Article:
Environment

Meatless burger uses bloody special ingredient to replicate the real thing

Meatless burger uses bloody sp...
The Impossible Burger was recently added as a regular menu item at New York City eatery Momofuku Nishi
The Impossible Burger was recently added as a regular menu item at New York City eatery Momofuku Nishi
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The Impossible Burger cooks like a regular beef burger
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The Impossible Burger cooks like a regular beef burger
Lab-made, meatless Impossible Burger is claimed to have the same look, smell and taste of a regular beef burger
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Lab-made, meatless Impossible Burger is claimed to have the same look, smell and taste of a regular beef burger
The Impossible Burger is claimed to have the same look, smell and taste of a regular beef burger
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The Impossible Burger is claimed to have the same look, smell and taste of a regular beef burger
The Impossible Burger uses yeast-derived heme to replicate actual meat
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The Impossible Burger uses yeast-derived heme to replicate actual meat
The Impossible Burger was recently added as a regular menu item at New York City eatery Momofuku Nishi
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The Impossible Burger was recently added as a regular menu item at New York City eatery Momofuku Nishi
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While food scientists have been in pursuit of the perfect lab-made hamburger, most of the results have been poor imitations or prohibitively expensive. Impossible Foods is the latest alternative food company attempting to tickle the tastebuds with its meatless Impossible Burger, which is claimed to look, smell and taste like real meat. The secret ingredient? Heme, a component of the red pigment in blood.

Heme is a compound found abundantly in meat that makes blood red and delivers oxygen to muscles. It is also one of the things that gives meat its uniquely meaty flavor. But heme is also a basic building block of life and can be found in plants as well, such as clover, the roots of soybeans and yeast.

For the Impossible Burger, the company derives its heme from machine-purified yeast that comes out looking and tasting something like blood. The heme is carried by a protein (and listed ingredient) called leghemoglobin. Other ingredients include common meat substitutes that can be found in other veggie burgers, such as textured wheat protein, coconut oil, potato protein, soy protein isolate and gum gels.

When cooked, the meatless patty caramelizes on the outside, while the texture and color inside changes throughout, transforming from a raw product to something claimed to be much like a cooked burger. An Impossible Burger cooked rare is even said to leave "blood" residue on the plate, which probably won't appeal to a lot of vegetarians.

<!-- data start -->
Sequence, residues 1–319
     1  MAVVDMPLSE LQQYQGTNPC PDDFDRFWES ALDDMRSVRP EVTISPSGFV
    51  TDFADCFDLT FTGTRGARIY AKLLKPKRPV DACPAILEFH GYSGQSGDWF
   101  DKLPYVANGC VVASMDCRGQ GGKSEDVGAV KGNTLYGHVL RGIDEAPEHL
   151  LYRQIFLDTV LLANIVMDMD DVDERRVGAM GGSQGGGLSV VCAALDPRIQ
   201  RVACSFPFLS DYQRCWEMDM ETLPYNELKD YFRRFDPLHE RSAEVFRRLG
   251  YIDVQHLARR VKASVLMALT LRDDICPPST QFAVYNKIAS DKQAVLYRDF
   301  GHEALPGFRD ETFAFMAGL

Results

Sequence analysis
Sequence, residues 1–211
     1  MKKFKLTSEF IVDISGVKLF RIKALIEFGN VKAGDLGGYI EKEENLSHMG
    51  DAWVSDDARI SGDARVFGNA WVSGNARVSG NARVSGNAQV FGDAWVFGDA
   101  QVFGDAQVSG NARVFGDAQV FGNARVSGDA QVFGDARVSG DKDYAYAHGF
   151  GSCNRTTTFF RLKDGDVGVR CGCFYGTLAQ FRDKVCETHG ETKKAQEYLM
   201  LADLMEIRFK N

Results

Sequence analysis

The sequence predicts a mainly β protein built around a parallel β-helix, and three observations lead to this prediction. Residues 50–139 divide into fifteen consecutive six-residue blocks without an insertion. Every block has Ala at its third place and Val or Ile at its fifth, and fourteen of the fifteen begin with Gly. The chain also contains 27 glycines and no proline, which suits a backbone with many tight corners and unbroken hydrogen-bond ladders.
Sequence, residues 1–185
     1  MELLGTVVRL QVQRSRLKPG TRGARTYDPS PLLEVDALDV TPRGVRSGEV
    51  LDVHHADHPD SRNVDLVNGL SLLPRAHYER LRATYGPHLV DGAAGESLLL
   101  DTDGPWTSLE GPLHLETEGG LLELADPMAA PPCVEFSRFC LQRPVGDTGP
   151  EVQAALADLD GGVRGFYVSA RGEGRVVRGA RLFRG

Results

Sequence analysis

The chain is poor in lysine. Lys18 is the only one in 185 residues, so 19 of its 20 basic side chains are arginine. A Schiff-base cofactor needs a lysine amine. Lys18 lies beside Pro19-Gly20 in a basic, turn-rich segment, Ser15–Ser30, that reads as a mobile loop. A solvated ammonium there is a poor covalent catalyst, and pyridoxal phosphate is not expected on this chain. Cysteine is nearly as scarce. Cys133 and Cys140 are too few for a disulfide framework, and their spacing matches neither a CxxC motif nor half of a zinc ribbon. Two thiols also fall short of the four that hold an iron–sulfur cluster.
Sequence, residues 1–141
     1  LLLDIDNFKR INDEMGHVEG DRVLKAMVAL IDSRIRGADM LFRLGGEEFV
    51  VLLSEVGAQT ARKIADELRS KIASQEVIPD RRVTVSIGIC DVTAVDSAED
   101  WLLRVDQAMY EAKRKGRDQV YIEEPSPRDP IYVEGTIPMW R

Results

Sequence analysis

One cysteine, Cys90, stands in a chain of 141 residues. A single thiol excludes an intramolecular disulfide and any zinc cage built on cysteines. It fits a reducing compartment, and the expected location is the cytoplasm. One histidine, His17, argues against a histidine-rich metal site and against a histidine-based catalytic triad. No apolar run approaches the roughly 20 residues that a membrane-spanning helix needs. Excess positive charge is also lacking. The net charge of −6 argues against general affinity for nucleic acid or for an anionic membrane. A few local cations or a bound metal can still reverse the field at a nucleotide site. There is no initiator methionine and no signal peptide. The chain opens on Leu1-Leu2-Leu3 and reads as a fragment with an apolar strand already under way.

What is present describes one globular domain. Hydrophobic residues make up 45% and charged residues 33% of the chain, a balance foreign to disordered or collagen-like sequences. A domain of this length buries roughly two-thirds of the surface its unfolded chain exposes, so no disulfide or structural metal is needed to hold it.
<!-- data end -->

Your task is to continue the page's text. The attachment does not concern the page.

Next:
The meatless burger was recently introduced as a regular menu item at New York City eatery Momofuku Nishi for US$12 (with fries), which is considerably cheaper than the $330,000 lab-grown, cultured meat burger unveiled in 2013 by scientists at Maastricht University. But the company is working to lower the cost of the burger below the current price for ground beef.

There are also plans to introduce the Impossible Burger at restaurants in Los Angeles and San Francisco, and eventually sell it in grocery stores. And the company says its research extends to producing plant-based versions of any kind of meat, including fish, pork, chicken and dairy products.

Like many companies seeking to produce lab-grown or plant-based meat, the motivation for Impossible Foods is largely an environmental one. Traditional beef production eats up a lot of resources while producing waste byproducts and greenhouse gasses, while the demand for meat is growing faster than the population.

Source: Impossible Foods

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6 comments
William H Lanteigne
They need to figure out how to make it from algae.
Chuck Anziulewicz
I always find it a bit odd that vegetarians are always trying to come up with meatless versions of ... MEAT. They want it to taste like meat and look like meat, as long as it ISN'T meat. Isn't it ironic?
Robt
@Chuck These guys are businesspeople. They know that there is a huge market for this kind of product that goes way beyond vegetarians. Millions of carnivores (like me!) are unable to eat meat for health reasons, and believe me when I say that the craving for meat is very strong :) I'd kill for a burger that looks and tastes like it came from a cow but is made from something other than meat...
kmccune
My quandary is that I need meat to survive and I do not like the idea of killing animals to get it ,I have participated in too many butcher sessions( an old country mainstay) and its hell ,let the animals live !
Ralph Oldman
Chuck's comment is valid for ethical vegans but there are probably more of us who choose a vegan diet to control our cholesterol and overall health rather than take statin's that ultimately really don't seem to be working out well.
John Birk
I suspect that in the future manufactured meat will be tastier and healthier than conventional meat and people will look at meat eating as an ancient custom, though there will always be some who insist for social or religious reasons to continue to eat meat.
The upshot, people eat healthier and the planet's Eco system improves, a win, win situation.
A note, I eat meat and enjoy it, however I am looking forward to eating manufactured meat and discover how it willkeepimproving as time goes on.
Scientia Non Domus, (Knowledge has No Home)
antiguajohn